AFRICA: It is time to abandon all Orthodoxies

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AFRICA: It is time to abandon all Orthodoxies

(Published in the June 2014 edition of the New African magazine)

 

 Any economic policy that marginalizes people is doomed to failure.” – Professor Adebayo Adedeji

But while they prate of economic laws, men and women are starving. We must lay hold of the fact that economic laws are not made by nature. They are made by human beings.” – Franklin D. Roosevelt

 

Even the most fervent and optimistic pan-Africanist among us cannot help but be despondent as we consider the continent’s current sad state of affairs.

While the elite and their supporters/sponsors in the West continue to tout self-generated impressive Macro Economics statistics that show how good things are, the reality on the ground, at the Micro Economic levels, still shows abysmal and shocking poverty at which citizens are forced to live.

Sadly, many Africans still live in conditions that will be unacceptable as pig sties in some countries. This is despite the fact that almost every corner of the continent drips with one natural mineral or the other.

And while the horrendous wars in Liberia and Sierra Leone have been doused, more of such have been re-ignited with vengeance in several parts of the continent. Nigeria is menaced by the scourge of Boko Haram. Christians and Moslems are murdering each other with Old Testament fury in the Central African Republic. Newly-minted South Sudan is engulfed in mindless internecine civil war. DR Congo is yet to overcome almost five decades of civil strife.

In the meantime, there are more foreign troops rampaging around Arica today than at any time since the ostensible end of colonialism in the 1960s.

On the economic front, the elite have imposed a brutal Jurassic, dog eat dog, man eat shit  economic system, which has resulted in a yawning gap between the haves and the have-nots, with frightening social implosion implications. The Neo-liberal economic policies have largely negated African traditional value systems, resulting in the abandonment of old-age communitarianism that made people cared for one another.

While true that today African rulers and elite continue to have the best times of their lives, few citizens can remember when things were this bad.

Let’s consider the example of Ghana, the birthplace of the doyen of Pan-Africanism, Kwame Nkrumah which, unfortunately, has become the stalwart of Global Imperialism Puppetry.

Ghana joined the list of oil-exporting nations about four years ago to loud applause and great expectations.

But today, Ghanaians are gnashing their teeth as the prices they pay for their petroleum products keep rising monthly, thanks to what officials called ‘automatic price adjustment mechanism.’

Here is the saddest part of the huge paradox: For reasons best known to them, Ghanaian officials signed agreements with foreign oil firms whereby the companies will ship the oil out in their crude form. Ghana’s share in the deal is a paltry (make that insulting) ten (10) percent. The agreement was for twenty (20) years.

In the meantime, Ghana’s own oil refinery lies moribund at Tema, and is starved of crude oil to refine.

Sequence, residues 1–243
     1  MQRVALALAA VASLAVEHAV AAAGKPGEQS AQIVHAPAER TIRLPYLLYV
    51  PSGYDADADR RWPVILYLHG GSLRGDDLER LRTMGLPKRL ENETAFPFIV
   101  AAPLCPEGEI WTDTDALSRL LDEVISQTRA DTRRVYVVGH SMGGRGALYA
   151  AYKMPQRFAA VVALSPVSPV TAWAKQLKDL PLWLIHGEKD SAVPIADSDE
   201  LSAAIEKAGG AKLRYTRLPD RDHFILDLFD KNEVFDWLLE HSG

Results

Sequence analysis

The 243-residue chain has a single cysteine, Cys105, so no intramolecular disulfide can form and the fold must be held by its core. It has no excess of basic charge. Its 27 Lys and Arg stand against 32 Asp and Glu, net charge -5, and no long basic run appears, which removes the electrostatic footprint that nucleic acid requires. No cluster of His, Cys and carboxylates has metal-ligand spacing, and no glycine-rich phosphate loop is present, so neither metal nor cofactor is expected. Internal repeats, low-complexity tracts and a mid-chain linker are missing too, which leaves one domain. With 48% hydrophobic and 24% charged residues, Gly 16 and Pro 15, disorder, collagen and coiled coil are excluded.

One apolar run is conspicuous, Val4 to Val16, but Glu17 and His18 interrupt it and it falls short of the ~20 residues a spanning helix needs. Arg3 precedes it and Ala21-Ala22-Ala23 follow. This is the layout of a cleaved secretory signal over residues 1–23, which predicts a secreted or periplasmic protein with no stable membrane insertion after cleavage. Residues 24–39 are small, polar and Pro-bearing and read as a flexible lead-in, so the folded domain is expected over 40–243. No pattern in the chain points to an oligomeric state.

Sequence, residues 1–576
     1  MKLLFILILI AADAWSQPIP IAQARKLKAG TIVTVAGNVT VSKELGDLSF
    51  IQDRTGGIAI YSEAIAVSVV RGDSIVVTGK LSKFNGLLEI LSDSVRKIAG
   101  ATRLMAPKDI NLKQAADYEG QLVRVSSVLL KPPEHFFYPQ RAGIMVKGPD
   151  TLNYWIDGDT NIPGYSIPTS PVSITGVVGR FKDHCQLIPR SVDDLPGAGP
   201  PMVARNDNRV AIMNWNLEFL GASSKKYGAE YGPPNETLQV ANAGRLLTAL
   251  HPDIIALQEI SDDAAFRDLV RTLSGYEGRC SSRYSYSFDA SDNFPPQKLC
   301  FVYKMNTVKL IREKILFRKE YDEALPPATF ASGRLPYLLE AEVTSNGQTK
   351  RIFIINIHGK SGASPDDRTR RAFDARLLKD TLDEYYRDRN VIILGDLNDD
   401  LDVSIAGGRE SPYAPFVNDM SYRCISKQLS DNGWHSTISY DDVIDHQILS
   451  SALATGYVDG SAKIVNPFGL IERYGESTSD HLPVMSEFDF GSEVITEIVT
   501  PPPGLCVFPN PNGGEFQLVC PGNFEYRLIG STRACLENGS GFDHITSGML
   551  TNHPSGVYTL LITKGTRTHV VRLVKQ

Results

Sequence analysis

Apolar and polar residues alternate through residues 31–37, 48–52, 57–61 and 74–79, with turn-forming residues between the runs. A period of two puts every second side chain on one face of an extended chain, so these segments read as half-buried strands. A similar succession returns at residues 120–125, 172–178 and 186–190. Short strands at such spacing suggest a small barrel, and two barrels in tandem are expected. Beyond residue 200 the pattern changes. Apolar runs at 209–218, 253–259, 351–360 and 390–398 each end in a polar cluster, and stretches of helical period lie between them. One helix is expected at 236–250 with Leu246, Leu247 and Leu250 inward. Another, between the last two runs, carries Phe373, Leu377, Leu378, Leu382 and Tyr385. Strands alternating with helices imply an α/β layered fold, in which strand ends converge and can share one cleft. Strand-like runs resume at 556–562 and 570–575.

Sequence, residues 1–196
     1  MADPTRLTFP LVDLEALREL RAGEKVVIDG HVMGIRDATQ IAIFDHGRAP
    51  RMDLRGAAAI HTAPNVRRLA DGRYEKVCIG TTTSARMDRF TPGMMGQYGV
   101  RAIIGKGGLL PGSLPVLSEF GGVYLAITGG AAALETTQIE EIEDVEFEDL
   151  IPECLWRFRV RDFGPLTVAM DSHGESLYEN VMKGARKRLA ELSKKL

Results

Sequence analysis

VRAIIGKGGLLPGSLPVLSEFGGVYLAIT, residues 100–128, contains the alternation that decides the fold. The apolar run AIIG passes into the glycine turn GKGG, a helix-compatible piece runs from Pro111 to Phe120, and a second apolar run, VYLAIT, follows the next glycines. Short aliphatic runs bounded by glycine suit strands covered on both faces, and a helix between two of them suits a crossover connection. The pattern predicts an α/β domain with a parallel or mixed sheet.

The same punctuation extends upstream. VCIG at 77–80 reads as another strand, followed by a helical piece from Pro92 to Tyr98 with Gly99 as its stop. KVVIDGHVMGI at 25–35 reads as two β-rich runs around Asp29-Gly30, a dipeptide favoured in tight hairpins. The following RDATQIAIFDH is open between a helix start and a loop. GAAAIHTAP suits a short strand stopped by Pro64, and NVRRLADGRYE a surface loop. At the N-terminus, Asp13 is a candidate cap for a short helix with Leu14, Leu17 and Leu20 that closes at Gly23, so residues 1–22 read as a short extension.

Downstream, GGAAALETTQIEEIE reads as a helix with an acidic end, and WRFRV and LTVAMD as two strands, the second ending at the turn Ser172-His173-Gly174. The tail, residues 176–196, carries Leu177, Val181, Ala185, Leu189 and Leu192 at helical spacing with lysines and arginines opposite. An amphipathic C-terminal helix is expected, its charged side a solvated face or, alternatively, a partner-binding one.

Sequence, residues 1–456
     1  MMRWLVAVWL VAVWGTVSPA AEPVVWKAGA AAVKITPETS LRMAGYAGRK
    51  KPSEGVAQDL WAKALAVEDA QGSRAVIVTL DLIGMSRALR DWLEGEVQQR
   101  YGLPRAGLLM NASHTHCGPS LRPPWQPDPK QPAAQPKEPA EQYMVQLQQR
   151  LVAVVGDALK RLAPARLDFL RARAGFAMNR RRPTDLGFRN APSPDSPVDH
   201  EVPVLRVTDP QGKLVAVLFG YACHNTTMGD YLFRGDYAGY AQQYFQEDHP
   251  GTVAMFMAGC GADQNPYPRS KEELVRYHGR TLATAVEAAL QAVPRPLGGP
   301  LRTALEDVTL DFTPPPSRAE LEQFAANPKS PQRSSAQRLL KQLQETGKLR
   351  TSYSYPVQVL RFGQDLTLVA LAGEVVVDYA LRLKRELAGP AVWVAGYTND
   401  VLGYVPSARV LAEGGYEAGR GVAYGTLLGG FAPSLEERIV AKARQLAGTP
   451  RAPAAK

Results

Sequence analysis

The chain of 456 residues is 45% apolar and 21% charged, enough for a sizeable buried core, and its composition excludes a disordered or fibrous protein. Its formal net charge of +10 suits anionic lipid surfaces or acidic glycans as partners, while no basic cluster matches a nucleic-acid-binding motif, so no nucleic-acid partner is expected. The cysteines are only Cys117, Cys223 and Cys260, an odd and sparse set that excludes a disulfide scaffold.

This is the situation Ghana, like many African countries, finds itself.

Ostensibly independent, these states continue to function like colonial outposts with local compradors ruling in the interests of metropolitan powers.

This is the sad reality of Africa today, where citizens continue to live wretched lives in their own land, whiles foreigners enjoy the best things of life. And it is this unholy situation that gets huge praise from the West and its corporate media.

Many Africans also glorify it.

Ghana is touted as an example of the good African country on the move. The Star Pupil and the Gateway to Africa.

Where Ghana is moving to is never told.

The country was praised to high heavens for holding ritualistic elections that are largely competition between oligarchies (to borrow Nkrumah’s apt definition).

As citizens struggle to eke out miserable existence and face every manner of taxation and bills, the presidential cavalcade gets longer. Ex-gratia and dubious judgment debt payments ballooned to high heavens. And so pervasive has corruption become in the country that the AfricanWatch magazine recently ridiculed Ghana as the Republic of Corruption.

For being such an obedient, pliant puppet of imperialism, Ghana has been spared the vicious denunciation Western corporate media reserved for Africa.

But no matter how long it was kept away, truth has a way of emerging.

The bubble has burst and the pretensions can no longer be maintain that Ghana’s economy is buoyant, and that it is a good lesson for Africa to follow.

The admission by Ghana’s Finance Minister that the economic is in bad shape and might require ‘help’ from the IMF cannot but distress patriotic Africans.

It should, however, not come as a surprise to any close watcher, as our elders say that houses built with spittle will be fell by dew.

What baffles the mind greatly is that it is to the IMF that the Ghanaian government turns for help. It looks like we refused to learn anything from the lessons of history.

Few years ago, the IMF came out to admit that it made serious mistakes with the structural adjustment policies it introduced into Africa in the 1980s and 1990s.

It was a mistake that cost Africa very dearly: resulting in inutile currencies, wiped out our middle-classes (the most productive in any economy), cut in social (health and education) services, resulting in many Africans been deprived of life-saving education.

Yet, a decade or so later, our officials are getting themselves ready to re-launch the assault on us!